Three grammar rules to ignore, according to the expert

A sharp-eyed, enlightened, and faithful newsletter reader sent me a link to a post by Benjamin Dryer, a copy chief at Random House publishers, who delineates his top three English “rules” that he believes should be ignored.

He introduces the post this way:

The English language, though, is not so easily ruled and regulated. It developed without codification, sucking up new constructions and vocabulary every time some foreigner set foot on the British Isles—to say nothing of the mischief we Americans have wreaked on it these last few centuries—and continues to evolve anarchically. It has, to my great dismay, no enforceable laws, much less someone to enforce the laws it doesn’t have. Source: Grammar expert Benjamin Dreyer lists three rules you can ignore — Quartz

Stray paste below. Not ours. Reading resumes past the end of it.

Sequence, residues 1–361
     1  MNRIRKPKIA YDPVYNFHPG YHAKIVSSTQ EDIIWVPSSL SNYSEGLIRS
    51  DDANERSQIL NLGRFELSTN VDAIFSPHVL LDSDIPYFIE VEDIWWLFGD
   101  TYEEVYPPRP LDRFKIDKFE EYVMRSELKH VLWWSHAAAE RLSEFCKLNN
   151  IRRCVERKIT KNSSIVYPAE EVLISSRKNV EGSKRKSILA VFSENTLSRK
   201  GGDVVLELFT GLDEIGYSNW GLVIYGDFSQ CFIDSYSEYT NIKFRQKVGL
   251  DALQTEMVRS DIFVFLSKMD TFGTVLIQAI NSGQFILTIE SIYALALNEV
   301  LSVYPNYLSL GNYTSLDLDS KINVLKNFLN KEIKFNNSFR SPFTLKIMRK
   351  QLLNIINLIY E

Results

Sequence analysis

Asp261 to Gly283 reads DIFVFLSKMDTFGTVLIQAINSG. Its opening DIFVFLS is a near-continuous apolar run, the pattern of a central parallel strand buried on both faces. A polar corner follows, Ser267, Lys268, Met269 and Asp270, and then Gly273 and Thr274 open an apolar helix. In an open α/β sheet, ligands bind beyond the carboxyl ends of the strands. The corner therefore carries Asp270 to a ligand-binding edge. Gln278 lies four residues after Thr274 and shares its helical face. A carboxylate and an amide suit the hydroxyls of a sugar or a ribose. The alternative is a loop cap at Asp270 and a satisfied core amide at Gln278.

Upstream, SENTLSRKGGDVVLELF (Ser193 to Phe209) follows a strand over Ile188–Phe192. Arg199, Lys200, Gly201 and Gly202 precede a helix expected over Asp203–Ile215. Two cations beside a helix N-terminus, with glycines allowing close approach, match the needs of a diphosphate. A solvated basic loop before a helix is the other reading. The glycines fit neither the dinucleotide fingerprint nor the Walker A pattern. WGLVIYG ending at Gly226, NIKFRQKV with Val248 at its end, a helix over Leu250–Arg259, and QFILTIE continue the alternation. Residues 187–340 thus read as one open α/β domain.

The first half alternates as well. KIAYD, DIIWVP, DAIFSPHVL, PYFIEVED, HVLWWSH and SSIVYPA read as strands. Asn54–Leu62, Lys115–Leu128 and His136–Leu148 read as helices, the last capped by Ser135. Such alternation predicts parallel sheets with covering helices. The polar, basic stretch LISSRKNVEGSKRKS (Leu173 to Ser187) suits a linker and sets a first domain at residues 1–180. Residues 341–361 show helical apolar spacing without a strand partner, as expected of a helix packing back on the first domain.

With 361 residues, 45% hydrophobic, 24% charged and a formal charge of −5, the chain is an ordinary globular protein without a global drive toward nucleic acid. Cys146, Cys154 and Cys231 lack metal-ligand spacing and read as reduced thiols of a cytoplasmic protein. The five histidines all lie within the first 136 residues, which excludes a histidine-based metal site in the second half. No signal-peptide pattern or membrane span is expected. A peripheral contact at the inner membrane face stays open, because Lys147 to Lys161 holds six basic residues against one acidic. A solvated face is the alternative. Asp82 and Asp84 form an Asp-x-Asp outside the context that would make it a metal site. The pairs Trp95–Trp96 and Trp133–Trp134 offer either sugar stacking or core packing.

His three:

— Never begin a sentence with “and” or “but” (or, I might add, any coordinating conjunction).

— Never split an infinitive.

— Never end a sentence with a preposition.

I agree with Dryer on all counts. Ignore these rules.

How say you? Will you come to the defense of these rules?

Or, maybe you have your own “rules” that you believe should be ignored. Either way, write and let me know.

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About Jim Stovall

Jim Stovall, a retired journalism prof, is now a novelist, self publisher, watercolorist, gardener, woodworker and beekeeper -- among others things.
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